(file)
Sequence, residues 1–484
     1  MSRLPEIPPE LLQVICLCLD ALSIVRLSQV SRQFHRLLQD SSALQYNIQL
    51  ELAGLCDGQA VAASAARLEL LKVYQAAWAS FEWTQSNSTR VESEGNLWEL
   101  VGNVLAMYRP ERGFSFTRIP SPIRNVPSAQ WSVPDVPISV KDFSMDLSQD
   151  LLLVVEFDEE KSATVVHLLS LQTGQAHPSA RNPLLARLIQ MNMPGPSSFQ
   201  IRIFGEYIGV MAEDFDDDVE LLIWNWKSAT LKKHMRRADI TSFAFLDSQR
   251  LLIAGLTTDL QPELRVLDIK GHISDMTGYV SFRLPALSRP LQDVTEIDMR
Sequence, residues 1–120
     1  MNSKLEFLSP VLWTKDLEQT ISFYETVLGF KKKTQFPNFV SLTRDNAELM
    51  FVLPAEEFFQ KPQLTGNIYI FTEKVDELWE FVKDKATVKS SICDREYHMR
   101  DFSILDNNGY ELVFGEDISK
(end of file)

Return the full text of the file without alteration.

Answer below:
Sequence, residues 1–484
     1  MSRLPEIPPE LLQVICLCLD ALSIVRLSQV SRQFHRLLQD SSALQYNIQL
    51  ELAGLCDGQA VAASAARLEL LKVYQAAWAS FEWTQSNSTR VESEGNLWEL
   101  VGNVLAMYRP ERGFSFTRIP SPIRNVPSAQ WSVPDVPISV KDFSMDLSQD
   151  LLLVVEFDEE KSATVVHLLS LQTGQAHPSA RNPLLARLIQ MNMPGPSSFQ
   201  IRIFGEYIGV MAEDFDDDVE LLIWNWKSAT LKKHMRRADI TSFAFLDSQR
   251  LLIAGLTTDL QPELRVLDIK GHISDMTGYV SFRLPALSRP LQDVTEIDMR
Sequence, residues 1–120
     1  MNSKLEFLSP VLWTKDLEQT ISFYETVLGF KKKTQFPNFV SLTRDNAELM
    51  FVLPAEEFFQ KPQLTGNIYI FTEKVDELWE FVKDKATVKS SICDREYHMR
   101  DFSILDNNGY ELVFGEDISK